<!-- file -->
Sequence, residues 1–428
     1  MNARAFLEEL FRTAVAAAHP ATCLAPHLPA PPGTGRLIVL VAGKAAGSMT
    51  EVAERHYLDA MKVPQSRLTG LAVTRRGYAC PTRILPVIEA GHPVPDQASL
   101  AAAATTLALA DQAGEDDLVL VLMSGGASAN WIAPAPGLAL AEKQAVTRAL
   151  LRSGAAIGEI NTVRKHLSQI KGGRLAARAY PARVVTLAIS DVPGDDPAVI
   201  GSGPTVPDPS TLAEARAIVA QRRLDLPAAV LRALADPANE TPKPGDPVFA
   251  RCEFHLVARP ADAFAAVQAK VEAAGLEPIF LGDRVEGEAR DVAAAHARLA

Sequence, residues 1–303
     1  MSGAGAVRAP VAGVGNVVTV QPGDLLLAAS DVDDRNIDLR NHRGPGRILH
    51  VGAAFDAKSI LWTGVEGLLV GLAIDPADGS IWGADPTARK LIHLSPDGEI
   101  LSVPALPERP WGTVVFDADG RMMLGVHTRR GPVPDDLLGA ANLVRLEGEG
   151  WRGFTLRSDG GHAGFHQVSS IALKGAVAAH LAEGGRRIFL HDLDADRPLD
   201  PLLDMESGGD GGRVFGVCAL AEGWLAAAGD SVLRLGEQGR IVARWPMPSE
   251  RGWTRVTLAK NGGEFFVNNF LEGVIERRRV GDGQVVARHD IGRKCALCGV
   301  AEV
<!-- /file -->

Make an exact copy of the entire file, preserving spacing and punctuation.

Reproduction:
Sequence, residues 1–428
     1  MNARAFLEEL FRTAVAAAHP ATCLAPHLPA PPGTGRLIVL VAGKAAGSMT
    51  EVAERHYLDA MKVPQSRLTG LAVTRRGYAC PTRILPVIEA GHPVPDQASL
   101  AAAATTLALA DQAGEDDLVL VLMSGGASAN WIAPAPGLAL AEKQAVTRAL
   151  LRSGAAIGEI NTVRKHLSQI KGGRLAARAY PARVVTLAIS DVPGDDPAVI
   201  GSGPTVPDPS TLAEARAIVA QRRLDLPAAV LRALADPANE TPKPGDPVFA
   251  RCEFHLVARP ADAFAAVQAK VEAAGLEPIF LGDRVEGEAR DVAAAHARLA

Sequence, residues 1–303
     1  MSGAGAVRAP VAGVGNVVTV QPGDLLLAAS DVDDRNIDLR NHRGPGRILH
    51  VGAAFDAKSI LWTGVEGLLV GLAIDPADGS IWGADPTARK LIHLSPDGEI
   101  LSVPALPERP WGTVVFDADG RMMLGVHTRR GPVPDDLLGA ANLVRLEGEG
   151  WRGFTLRSDG GHAGFHQVSS IALKGAVAAH LAEGGRRIFL HDLDADRPLD
   201  PLLDMESGGD GGRVFGVCAL AEGWLAAAGD SVLRLGEQGR IVARWPMPSE
   251  RGWTRVTLAK NGGEFFVNNF LEGVIERRRV GDGQVVARHD IGRKCALCGV
   301  AEV